The Chameleon’s Tale – Andrea Bramhall

The Chameleon's Tale - Andrea BramhallAndrea Bramhall is an unusual Lesfic writer, relatively new on the scene – five books in three years – with a great writing style, and unusual writing method, novels which almost defy categorization and a definite penchant for keeping her readers on their toes.

Swordfish was a fairly trad Lesfic action/romance and its sequel Ladyfish is another mad romp action/adventure.  Clean Slate was an unusual book that’s hard to categorise, a romance, drama and exploration of the affects of amnesia on an established couple.

The Chameleon’s Tale sits with Nightingale as a complex romance wrapped in and based around extremely difficult and painful political realities. In Nightingale we watched our main character, a British Asian lesbian with the world at her feet, choose an arranged marriage to save the family honour and then be abducted and imprisoned in a compound in Pakistan.

In the latest offering, The Chameleon’s Tale, we are firmly planted in South Africa, starting during apartheid when being liberal was a dangerous personal statement, and jumping forward to the present day, when the anger and pain of that era is still deeply engrained in all those affected. It combines romance, as do all Bramhall’s books, with a personal intrigue and a political thriller – in this case a page-turner dealing with corporate greed and social abuse.

The main Andrea Bramhall biogcharacters are interesting and varied, damaged goods like most of us, they aren’t easy, they aren’t always likeable, but they do feel real.

The plot is complex, combining personal tales of abandonment and hurt with the political conspiracy. It is fast moving and pacey – almost too much to fit into 264 pages. The mechanisms used to create the drama definitely require the suspension of disbelief, but once past them it is an intriguing exploration of how two women, faced with extremely different forms of hardship, have grown up and challenged the world. Beyond all the twists and turns I was left with deeply mixed feelings about the women they had become.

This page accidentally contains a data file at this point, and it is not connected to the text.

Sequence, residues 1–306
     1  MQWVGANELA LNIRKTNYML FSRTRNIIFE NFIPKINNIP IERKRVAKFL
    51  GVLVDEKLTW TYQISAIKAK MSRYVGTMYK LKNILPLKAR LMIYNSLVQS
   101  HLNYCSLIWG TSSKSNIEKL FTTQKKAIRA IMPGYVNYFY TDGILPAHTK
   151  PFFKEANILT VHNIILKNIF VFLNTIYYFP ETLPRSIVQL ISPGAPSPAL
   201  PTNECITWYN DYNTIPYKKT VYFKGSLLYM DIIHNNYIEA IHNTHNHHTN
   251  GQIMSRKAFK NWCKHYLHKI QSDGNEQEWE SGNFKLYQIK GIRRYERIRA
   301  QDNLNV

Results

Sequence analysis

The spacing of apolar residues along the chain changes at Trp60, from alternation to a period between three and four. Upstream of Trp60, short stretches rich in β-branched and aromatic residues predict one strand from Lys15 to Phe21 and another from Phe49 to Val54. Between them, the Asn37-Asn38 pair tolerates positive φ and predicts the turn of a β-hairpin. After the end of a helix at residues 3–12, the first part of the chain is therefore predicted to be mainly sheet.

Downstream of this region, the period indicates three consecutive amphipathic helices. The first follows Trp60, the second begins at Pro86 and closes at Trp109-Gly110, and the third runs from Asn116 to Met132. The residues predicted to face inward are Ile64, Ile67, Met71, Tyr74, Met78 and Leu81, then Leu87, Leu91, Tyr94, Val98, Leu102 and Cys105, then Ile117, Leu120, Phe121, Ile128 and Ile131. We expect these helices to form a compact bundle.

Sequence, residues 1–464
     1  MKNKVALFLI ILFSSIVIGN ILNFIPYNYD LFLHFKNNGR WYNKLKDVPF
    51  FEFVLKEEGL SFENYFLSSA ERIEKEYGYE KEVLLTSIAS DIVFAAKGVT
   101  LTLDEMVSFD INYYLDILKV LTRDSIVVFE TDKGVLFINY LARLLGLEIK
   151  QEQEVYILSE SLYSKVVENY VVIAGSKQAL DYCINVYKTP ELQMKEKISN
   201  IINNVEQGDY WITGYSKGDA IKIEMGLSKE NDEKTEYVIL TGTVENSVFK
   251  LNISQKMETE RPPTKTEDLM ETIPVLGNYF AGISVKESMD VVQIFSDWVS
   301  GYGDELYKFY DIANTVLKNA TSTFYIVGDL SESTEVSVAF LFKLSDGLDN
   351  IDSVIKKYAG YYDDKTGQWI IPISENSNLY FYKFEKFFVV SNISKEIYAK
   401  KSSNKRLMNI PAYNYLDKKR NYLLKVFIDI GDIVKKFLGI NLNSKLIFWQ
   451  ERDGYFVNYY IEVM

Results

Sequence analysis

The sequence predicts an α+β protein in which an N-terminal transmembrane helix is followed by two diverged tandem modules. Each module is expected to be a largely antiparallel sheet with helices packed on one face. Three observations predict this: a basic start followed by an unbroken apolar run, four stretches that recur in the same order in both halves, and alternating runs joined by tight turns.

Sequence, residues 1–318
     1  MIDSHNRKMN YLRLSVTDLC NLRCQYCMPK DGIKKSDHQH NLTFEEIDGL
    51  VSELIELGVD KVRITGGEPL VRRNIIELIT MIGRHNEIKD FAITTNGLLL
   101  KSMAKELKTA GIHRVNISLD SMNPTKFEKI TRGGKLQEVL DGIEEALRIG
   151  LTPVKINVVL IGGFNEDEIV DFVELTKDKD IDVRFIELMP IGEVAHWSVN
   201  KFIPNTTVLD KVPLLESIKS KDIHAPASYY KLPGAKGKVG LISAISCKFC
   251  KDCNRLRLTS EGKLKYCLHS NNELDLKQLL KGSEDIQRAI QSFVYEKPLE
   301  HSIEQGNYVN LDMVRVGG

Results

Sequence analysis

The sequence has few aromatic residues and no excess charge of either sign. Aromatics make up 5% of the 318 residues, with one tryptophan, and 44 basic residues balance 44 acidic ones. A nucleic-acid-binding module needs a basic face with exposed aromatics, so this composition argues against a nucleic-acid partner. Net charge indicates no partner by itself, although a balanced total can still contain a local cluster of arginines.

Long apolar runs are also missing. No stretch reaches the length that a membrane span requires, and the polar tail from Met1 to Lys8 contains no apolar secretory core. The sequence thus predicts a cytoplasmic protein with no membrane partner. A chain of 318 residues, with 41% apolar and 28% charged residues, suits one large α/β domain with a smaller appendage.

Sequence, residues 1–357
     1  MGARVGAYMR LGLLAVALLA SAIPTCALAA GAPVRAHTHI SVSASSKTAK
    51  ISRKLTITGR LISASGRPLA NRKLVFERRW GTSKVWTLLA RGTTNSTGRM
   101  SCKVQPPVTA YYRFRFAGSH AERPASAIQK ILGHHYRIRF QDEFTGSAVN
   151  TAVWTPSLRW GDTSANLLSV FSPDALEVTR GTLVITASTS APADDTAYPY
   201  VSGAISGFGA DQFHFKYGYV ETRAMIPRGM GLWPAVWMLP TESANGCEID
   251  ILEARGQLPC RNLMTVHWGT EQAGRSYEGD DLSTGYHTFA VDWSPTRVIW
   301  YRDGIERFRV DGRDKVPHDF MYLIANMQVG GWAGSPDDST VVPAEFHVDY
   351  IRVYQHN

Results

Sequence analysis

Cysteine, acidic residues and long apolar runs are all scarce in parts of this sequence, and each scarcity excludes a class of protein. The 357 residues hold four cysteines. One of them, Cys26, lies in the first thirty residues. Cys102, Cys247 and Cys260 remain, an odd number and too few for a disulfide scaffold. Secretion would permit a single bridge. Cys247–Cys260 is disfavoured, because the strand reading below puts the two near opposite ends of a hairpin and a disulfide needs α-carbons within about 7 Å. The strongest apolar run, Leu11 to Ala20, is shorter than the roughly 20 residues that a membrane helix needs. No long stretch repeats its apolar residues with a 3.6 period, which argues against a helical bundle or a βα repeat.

For me it was an uncomfortable read if I am honest. Partly, I suspect, because my feelings about apartheid haven’t really moved on from standing outside South Africa House singing “24 years in captivity…” and for me Imogen was hard to divorce from her background.

But as always Andrea’s booked are well written, her words flow off the page with elegance and precision, making it a pleasure to read. She challenges us to take a look at difficult social situations through the mechanism of romance and personal experiences. While her main characters are lesbians and that adds a layer of difficulty to their lives, it isn’t at the centre of the story. They are lesbians, they fall in love, but their lives are so much more complex than just their sexuality. And for me any Lesfic author who challenges us to think, who pushes us beyond the generic romance, is somebody who is improving the standard of the genre, broadening it and deepening it as it matures. Well done Ms Bramhall, another challenging read.

Oh.. and STUNNING jacket by the way…

(publisher review copy received)

Product info:

      • Paperback: 246 pages
      • First published 2015
      • Publisher: Bold Strokes Books (August, 2015)
      • ASIN: B012AZRC1M
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To buy the Kindle edition – click here.
To buy the Paperback – click here.